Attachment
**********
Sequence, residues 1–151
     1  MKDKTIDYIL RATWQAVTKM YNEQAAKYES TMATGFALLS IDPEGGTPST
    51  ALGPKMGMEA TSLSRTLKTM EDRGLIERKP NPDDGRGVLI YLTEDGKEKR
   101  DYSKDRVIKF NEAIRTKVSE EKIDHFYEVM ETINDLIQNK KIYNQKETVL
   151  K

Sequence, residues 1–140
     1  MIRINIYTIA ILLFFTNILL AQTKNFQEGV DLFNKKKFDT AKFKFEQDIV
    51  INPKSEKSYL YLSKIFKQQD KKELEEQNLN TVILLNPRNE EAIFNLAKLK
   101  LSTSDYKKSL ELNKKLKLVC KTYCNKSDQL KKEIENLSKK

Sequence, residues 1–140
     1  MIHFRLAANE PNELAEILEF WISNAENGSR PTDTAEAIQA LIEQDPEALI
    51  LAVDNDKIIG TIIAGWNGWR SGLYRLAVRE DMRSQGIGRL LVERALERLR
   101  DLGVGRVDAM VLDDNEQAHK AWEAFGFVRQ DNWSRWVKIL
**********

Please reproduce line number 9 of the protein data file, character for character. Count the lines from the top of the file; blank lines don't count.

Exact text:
   101  LSTSDYKKSL ELNKKLKLVC KTYCNKSDQL KKEIENLSKK